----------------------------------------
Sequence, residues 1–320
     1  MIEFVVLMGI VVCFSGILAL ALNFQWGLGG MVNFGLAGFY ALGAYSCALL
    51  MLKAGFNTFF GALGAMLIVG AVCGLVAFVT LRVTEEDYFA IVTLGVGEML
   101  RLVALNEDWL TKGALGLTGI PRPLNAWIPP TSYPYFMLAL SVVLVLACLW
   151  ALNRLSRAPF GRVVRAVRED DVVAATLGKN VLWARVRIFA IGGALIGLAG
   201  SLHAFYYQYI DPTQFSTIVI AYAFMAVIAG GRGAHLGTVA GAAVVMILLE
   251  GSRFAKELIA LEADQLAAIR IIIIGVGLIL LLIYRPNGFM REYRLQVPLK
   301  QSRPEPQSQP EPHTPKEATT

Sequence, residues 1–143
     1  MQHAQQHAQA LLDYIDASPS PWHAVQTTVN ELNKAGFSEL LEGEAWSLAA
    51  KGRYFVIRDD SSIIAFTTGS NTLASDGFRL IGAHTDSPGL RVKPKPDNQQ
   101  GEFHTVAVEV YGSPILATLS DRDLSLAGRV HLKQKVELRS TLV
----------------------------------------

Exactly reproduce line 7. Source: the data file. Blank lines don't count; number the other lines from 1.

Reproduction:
   251  GSRFAKELIA LEADQLAAIR IIIIGVGLIL LLIYRPNGFM REYRLQVPLK